COP26 has seen thousands of world leaders, activists and indigenous groups gather in Glasgow to agree on new sustainability goals. This is event crucial for the environment and all our futures. And as the stakes quite literally couldn’t be higher, artists have been creating their own responses to coincide with the climate conference.
We’ve seen everything from a Loch Ness monster made of jeans to dramatic light shows popping up all over the UK. Robert Montgomery, a Scottish writer and artist, has created a ‘solar-powered light poem’ that calls on leaders to ‘end the oil age’. It illuminates every evening at sunset for Glaswegians to ponder and is made up of 1,000 solar-powered bulbs.
Other public art installations we’ve loved include this neon sign, also in Glasgow, by the Still/Moving collective:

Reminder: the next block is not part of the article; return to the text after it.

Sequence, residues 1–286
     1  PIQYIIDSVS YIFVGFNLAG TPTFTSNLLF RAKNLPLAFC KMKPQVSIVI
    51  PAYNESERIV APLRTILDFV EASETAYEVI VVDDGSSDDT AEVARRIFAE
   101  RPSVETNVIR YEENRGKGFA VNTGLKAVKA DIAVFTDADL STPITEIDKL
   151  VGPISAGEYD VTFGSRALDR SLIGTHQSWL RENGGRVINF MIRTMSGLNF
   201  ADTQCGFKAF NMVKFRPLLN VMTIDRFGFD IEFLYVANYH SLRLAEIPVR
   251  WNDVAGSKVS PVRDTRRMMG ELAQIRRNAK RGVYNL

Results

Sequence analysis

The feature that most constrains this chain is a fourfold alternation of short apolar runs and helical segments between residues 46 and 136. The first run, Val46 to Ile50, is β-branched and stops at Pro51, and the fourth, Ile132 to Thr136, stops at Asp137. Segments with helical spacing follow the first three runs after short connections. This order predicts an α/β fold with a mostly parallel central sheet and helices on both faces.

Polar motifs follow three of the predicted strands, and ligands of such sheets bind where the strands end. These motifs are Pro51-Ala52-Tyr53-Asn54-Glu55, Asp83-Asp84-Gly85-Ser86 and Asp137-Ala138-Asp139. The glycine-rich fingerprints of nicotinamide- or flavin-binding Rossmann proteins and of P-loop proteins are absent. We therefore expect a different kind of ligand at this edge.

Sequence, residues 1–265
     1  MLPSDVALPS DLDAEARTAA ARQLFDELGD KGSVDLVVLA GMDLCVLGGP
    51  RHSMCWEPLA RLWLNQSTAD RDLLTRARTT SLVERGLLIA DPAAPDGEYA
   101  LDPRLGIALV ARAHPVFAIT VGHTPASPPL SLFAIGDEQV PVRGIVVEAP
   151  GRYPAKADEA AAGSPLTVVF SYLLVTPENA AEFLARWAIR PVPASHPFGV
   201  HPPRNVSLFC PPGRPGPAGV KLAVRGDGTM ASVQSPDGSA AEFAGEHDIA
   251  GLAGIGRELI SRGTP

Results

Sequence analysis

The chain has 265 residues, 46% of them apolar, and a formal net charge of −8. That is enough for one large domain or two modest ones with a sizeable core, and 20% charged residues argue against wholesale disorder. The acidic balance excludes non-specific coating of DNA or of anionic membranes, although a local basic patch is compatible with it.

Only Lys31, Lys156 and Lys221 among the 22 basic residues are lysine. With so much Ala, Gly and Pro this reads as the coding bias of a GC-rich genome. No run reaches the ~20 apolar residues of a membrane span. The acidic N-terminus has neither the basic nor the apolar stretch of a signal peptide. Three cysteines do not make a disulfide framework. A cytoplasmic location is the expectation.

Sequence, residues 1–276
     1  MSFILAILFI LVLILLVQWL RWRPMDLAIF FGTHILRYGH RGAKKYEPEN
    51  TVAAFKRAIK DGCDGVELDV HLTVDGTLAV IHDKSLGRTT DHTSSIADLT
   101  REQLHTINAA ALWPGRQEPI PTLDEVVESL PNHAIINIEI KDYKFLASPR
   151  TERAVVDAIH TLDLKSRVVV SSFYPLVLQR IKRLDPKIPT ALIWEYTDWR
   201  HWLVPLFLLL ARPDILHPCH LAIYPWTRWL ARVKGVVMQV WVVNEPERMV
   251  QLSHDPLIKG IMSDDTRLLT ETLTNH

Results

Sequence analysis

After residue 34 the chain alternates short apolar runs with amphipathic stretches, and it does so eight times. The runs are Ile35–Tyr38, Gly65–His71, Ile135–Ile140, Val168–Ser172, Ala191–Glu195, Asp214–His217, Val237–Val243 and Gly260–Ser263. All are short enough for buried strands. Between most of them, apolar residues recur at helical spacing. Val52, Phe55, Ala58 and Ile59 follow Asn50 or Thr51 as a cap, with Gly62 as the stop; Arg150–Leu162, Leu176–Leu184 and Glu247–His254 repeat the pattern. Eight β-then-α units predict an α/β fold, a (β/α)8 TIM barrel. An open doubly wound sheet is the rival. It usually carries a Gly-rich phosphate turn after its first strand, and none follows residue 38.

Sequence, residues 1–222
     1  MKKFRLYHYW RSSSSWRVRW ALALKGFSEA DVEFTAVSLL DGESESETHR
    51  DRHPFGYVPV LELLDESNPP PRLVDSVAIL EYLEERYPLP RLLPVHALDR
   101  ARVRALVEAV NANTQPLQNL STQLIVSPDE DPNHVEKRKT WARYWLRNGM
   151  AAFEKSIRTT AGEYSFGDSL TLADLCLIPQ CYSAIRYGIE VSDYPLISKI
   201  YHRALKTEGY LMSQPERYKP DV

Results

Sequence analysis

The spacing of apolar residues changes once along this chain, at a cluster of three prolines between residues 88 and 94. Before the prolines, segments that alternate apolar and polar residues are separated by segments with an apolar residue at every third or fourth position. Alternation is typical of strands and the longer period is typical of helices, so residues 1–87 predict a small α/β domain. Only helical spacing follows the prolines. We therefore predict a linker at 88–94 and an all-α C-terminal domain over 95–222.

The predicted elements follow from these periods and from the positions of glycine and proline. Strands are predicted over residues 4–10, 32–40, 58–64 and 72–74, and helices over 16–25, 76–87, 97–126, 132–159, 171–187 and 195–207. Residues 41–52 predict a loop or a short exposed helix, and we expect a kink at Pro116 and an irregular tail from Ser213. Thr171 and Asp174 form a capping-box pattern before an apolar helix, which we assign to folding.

And this light show projected onto the Tate Modern by Jenny Holzer:
Messy the COP Ness Monster, which took up residency in London’s West End to promote sustainable fashion:
This glass sculpture by Wayne Binitie, containing air from the year 1765 extracted from an Antarctic ice core:
This sculpture of Clarion the Polar Bear, which artist Bamber Hawes carried from Shropshire to Glasgow:
‘Lines (57° 59′ N, 7° 16’W)’, an installation by Pekka Niittyvirta and Timo Aho which formed part of the Outer Hebrides Climate Beacon:
Agnes Denes’s flag installation in Venice, which reads ‘The future is fragile, handle with care’:
‘Hope Sculpture’ by Steuart Padwick in Glasgow, made of locally sourced aggregates and recycled crushed glass:
And this installation by Olafur Eliasson, projected onto The Armadillo in Glasgow:
Feeling inspired? Now read about 21 amazing things cities are doing to fight the climate crisis.